TVB, do yourself a favor and do some research. I have previously noted any issues I had with a bike on the forum, with the outcome. So, to answer you short and sweet, yes, I am 100 % honest, and problems which I experience is not fixed silently in some dark hole. I insist to receive the kind of service for which I am paying.

Well great then Jan, and I really hope the bike will not fail you. I like the looks of them, stunning especially the LCA in blue! Safe and happy riding !!

I certainly hope so as well TVB! :thumleft:
 

Offline Sprocketbek

Re: LC engine failure
« Reply #68 on: March 17, 2014, 12:27:19 pm »
Although I don't own one of the bikes and never rode one either it looks to me as if the chain gauge does not match the sprocket. The sprocket is a lot narrower than the chain.

I noticed that too.
It does not look right at all!

 ???
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Offline BennNevis

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Re: LC engine failure
« Reply #69 on: March 17, 2014, 01:22:56 pm »
I have copied the piccie below from the ADV Rider thread.

Although I don't own one of the bikes and never rode one either it looks to me as if the chain gauge does not match the sprocket. The sprocket is a lot narrower than the chain. You will need the chain guards or the tensioner rail have grooves to limit the side float of the chain on the sprockets.
As opposed to centering the chain with the sprocket teeth this variant is primarily less noisy.

Apparently something else is limiting the side float of the chain by touching the pins. And it does not seem to work :-\

Apparently 4th gear? Tis is what I have heard....
 

Offline buzzlightyear

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Re: LC engine failure
« Reply #70 on: March 17, 2014, 02:01:02 pm »
So is the gearbox now integrated into the LC motor and not a separate addon like the previous 1200s?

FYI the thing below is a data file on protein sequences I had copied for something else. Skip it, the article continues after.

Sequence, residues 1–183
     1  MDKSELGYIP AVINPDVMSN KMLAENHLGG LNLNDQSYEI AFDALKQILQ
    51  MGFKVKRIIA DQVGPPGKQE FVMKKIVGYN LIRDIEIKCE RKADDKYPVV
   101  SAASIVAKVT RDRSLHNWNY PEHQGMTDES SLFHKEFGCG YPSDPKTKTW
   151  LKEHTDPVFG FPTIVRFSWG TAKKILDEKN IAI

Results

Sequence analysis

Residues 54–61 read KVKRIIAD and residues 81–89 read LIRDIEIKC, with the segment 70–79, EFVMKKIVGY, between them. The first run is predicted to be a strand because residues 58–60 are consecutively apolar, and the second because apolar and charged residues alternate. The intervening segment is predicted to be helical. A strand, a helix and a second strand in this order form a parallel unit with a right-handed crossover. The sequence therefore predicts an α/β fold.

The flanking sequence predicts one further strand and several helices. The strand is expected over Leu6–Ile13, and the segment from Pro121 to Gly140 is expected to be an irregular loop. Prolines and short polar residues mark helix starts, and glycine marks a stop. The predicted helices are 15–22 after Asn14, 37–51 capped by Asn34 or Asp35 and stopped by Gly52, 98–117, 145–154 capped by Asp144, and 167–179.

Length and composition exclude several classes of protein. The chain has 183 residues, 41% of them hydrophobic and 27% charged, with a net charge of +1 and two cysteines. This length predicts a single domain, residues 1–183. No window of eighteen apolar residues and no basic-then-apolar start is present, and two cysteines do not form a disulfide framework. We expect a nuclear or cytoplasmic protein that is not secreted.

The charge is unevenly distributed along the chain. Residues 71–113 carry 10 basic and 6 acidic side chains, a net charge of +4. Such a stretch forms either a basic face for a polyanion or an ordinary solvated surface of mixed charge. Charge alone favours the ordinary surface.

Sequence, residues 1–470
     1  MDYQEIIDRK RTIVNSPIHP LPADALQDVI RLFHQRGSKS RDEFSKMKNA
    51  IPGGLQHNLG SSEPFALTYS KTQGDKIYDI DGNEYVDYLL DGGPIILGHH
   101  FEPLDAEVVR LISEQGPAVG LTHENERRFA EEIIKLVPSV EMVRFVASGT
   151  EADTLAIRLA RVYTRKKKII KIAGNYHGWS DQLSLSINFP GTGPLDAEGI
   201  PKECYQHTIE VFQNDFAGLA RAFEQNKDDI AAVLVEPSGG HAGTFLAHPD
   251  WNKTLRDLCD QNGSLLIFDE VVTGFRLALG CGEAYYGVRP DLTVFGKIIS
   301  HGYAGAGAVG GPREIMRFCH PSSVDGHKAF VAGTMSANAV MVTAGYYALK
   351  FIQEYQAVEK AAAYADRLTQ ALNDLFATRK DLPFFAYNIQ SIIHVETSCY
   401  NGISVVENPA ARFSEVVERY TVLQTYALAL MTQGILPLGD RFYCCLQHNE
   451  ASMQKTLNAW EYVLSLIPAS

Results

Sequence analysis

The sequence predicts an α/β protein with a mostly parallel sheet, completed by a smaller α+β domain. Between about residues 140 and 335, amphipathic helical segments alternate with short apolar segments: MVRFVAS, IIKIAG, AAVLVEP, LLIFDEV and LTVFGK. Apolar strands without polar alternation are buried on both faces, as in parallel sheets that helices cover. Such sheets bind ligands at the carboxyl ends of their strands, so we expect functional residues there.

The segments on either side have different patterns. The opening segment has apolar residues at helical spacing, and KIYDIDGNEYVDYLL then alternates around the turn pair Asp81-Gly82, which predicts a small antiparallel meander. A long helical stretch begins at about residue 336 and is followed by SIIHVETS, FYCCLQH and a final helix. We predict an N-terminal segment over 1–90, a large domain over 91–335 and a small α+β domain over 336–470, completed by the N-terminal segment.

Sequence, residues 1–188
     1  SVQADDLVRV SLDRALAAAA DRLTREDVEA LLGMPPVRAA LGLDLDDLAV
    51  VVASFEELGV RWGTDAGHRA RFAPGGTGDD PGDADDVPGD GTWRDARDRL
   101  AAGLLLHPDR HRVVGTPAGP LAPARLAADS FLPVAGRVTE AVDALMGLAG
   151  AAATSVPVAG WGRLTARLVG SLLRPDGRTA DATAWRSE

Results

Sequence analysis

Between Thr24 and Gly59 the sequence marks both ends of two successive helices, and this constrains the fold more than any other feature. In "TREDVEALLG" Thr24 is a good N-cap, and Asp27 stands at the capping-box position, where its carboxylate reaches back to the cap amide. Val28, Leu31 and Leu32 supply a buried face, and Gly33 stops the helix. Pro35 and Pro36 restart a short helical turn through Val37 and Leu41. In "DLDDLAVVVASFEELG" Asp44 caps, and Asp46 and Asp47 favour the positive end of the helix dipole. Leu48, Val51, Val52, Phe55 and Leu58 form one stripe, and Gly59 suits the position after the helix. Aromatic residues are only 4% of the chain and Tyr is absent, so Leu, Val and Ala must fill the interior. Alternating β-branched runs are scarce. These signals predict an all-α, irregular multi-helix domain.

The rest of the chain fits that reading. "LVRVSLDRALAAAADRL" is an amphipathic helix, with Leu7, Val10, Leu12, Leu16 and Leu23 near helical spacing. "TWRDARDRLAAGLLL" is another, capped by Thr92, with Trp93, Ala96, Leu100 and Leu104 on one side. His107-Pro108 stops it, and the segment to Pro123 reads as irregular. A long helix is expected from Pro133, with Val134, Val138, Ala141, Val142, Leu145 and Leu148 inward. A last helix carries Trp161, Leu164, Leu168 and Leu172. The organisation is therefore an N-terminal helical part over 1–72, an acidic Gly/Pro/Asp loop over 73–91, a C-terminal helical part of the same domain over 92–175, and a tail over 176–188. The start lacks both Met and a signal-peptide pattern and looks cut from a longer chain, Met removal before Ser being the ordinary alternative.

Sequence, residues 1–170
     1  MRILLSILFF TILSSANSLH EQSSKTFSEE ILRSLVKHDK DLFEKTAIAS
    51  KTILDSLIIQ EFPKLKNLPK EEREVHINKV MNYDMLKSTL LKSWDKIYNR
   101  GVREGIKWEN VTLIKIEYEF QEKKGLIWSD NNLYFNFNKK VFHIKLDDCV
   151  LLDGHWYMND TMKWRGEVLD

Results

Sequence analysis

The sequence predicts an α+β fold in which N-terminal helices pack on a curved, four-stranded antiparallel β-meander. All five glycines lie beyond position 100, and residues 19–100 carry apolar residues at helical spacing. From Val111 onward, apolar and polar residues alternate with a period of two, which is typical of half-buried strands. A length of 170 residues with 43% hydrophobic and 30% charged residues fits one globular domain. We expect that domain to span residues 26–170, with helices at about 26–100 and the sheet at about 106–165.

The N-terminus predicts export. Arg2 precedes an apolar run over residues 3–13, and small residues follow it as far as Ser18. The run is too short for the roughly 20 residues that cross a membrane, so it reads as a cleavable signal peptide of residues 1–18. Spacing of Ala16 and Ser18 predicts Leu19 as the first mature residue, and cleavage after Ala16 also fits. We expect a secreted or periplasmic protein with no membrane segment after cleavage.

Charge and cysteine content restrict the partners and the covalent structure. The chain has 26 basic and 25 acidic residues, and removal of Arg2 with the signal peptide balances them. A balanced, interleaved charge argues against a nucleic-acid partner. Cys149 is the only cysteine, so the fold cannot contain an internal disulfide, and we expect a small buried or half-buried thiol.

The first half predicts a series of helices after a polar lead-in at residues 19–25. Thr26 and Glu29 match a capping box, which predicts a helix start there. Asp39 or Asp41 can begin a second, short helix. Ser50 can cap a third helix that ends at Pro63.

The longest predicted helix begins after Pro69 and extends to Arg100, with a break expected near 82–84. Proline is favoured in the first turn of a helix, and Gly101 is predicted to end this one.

"All that is necessary for the triumph of evil is that good men do nothing." (Edmund Burke)
 

Offline Lord Knormoer

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Re: LC engine failure
« Reply #71 on: March 17, 2014, 02:01:04 pm »
I have copied the piccie below from the ADV Rider thread.

Although I don't own one of the bikes and never rode one either it looks to me as if the chain gauge does not match the sprocket. The sprocket is a lot narrower than the chain. You will need the chain guards or the tensioner rail have grooves to limit the side float of the chain on the sprockets.
As opposed to centering the chain with the sprocket teeth this variant is primarily less noisy.

Apparently something else is limiting the side float of the chain by touching the pins. And it does not seem to work :-\

Apparently 4th gear? Tis is what I have heard....

That would explain the right hand cam chain but not left like in my case.
 

Offline Lord Knormoer

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Re: LC engine failure
« Reply #72 on: March 18, 2014, 06:46:09 am »
So is the gearbox now integrated into the LC motor and not a separate addon like the previous 1200s?

Yes, the left cam chain lives in front with the clutch and the right cam chain in the rear with the gearbox.
 

Offline Lord Knormoer

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Re: LC engine failure
« Reply #73 on: March 18, 2014, 06:47:01 am »
Thought this was appropriate and funny...

http://youtu.be/aVd3bdQ8enE
 

Offline Mzee

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Re: LC engine failure
« Reply #74 on: March 18, 2014, 08:11:35 am »
Moral of the story never buy a first year production anything in its first year  :bueller:

If this were true, no one would by anthing :sip:
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Offline Lord Knormoer

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Re: LC engine failure